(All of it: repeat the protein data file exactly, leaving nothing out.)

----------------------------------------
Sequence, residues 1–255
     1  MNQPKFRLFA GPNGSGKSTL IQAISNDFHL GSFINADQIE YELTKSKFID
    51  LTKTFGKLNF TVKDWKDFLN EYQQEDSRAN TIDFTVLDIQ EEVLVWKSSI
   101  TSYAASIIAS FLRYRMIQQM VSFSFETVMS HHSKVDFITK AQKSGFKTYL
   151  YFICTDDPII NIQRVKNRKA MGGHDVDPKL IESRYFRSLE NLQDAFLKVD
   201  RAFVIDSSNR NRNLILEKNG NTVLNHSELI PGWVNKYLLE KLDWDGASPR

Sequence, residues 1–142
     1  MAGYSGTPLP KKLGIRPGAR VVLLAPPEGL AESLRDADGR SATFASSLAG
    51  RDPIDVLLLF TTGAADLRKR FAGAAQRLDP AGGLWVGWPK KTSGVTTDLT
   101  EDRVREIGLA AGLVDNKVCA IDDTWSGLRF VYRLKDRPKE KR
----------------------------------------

Sequence, residues 1–255
     1  MNQPKFRLFA GPNGSGKSTL IQAISNDFHL GSFINADQIE YELTKSKFID
    51  LTKTFGKLNF TVKDWKDFLN EYQQEDSRAN TIDFTVLDIQ EEVLVWKSSI
   101  TSYAASIIAS FLRYRMIQQM VSFSFETVMS HHSKVDFITK AQKSGFKTYL
   151  YFICTDDPII NIQRVKNRKA MGGHDVDPKL IESRYFRSLE NLQDAFLKVD
   201  RAFVIDSSNR NRNLILEKNG NTVLNHSELI PGWVNKYLLE KLDWDGASPR

Sequence, residues 1–142
     1  MAGYSGTPLP KKLGIRPGAR VVLLAPPEGL AESLRDADGR SATFASSLAG
    51  RDPIDVLLLF TTGAADLRKR FAGAAQRLDP AGGLWVGWPK KTSGVTTDLT
   101  EDRVREIGLA AGLVDNKVCA IDDTWSGLRF VYRLKDRPKE KR